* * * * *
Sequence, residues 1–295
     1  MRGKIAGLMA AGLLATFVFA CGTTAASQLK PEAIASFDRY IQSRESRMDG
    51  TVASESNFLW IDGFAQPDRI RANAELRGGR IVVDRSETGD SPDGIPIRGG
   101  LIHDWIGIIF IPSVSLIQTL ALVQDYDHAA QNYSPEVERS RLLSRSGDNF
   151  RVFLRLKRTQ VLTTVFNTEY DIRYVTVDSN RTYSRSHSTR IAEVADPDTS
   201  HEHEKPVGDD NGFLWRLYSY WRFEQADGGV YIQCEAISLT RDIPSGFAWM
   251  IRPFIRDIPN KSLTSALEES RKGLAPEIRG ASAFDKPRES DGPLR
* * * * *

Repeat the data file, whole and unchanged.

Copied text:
Sequence, residues 1–295
     1  MRGKIAGLMA AGLLATFVFA CGTTAASQLK PEAIASFDRY IQSRESRMDG
    51  TVASESNFLW IDGFAQPDRI RANAELRGGR IVVDRSETGD SPDGIPIRGG
   101  LIHDWIGIIF IPSVSLIQTL ALVQDYDHAA QNYSPEVERS RLLSRSGDNF
   151  RVFLRLKRTQ VLTTVFNTEY DIRYVTVDSN RTYSRSHSTR IAEVADPDTS
   201  HEHEKPVGDD NGFLWRLYSY WRFEQADGGV YIQCEAISLT RDIPSGFAWM
   251  IRPFIRDIPN KSLTSALEES RKGLAPEIRG ASAFDKPRES DGPLR